I wonder how many words we hear in one day?  I bet it is a lot.   I know that about once a day I will ask my kids, "How do we listen?"  (This is more of prompting to make them listen than it is a question.)  They respond with, "Our eyes, our ears, our heart, our hands and our undivided attention."

Obviously that's our ideal, not always our reality.  However, I would guess that of the thousands of words we hear every day, there are at least a few of them that snap us into that type of listening.  I wonder what those things would be for you.  Blogging is fun, but it is terribly one-sided.  Today, in particular, I wish I could hear each of you tell me what things captured your ear.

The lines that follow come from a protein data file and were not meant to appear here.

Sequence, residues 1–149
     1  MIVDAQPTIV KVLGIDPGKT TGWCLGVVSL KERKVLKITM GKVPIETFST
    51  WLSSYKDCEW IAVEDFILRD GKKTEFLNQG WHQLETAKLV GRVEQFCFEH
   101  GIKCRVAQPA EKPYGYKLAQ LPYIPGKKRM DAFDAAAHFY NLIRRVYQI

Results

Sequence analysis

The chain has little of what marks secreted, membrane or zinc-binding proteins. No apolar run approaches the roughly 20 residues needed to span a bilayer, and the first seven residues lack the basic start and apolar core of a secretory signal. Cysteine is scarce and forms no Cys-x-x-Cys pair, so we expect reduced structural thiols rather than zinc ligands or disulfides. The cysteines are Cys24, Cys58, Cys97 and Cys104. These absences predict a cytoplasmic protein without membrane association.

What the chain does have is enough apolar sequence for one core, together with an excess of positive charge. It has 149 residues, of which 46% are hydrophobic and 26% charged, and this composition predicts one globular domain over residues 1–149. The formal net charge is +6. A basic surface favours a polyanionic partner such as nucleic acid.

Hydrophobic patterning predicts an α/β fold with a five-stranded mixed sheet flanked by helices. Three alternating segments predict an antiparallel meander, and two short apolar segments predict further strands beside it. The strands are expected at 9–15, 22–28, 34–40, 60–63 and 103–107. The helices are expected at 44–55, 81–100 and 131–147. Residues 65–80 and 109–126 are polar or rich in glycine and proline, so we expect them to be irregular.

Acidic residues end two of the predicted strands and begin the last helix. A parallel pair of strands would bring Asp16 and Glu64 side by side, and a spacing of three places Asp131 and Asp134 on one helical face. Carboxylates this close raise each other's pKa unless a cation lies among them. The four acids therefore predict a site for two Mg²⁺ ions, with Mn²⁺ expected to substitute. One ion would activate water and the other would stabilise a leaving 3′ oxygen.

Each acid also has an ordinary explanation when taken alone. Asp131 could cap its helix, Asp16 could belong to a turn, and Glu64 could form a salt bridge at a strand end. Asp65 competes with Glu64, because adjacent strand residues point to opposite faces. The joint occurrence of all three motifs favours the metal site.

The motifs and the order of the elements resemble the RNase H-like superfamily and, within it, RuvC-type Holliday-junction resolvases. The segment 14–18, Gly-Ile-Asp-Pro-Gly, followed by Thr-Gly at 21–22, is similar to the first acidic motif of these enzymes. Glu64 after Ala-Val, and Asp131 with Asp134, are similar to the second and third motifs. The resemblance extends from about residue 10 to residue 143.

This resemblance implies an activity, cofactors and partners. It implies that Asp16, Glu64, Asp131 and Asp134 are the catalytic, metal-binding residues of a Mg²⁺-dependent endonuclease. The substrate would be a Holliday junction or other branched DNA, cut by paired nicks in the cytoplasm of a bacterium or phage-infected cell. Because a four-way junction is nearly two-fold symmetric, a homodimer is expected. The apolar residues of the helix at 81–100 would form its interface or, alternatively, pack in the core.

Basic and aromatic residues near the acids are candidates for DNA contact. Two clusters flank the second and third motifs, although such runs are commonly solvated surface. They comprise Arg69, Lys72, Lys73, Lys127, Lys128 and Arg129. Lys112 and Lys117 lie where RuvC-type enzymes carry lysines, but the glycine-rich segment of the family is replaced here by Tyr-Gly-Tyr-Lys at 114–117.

These things got my eyes, ears, heart, hands and undivided attention lately:

* My Man and I went to the orphanage to talk to Pastor Mike.  We had a great talk, and as usual I left feeling extremely humbled and so grateful that I get to know such people as these.  In our conversation we discussed the inconsistent electricity that is life in Guinea.  The schools here are coming up on exam time and he told us that around this time all the kids crowd at the airport in the evenings to sit under the lights in the parking lot. It's the only place with enough light to study.   

* Our missionary neighbor was rejoicing with us that he just put up some solar panels.  For the first time in 9 years they'll have a refrigerator and be able to freeze food!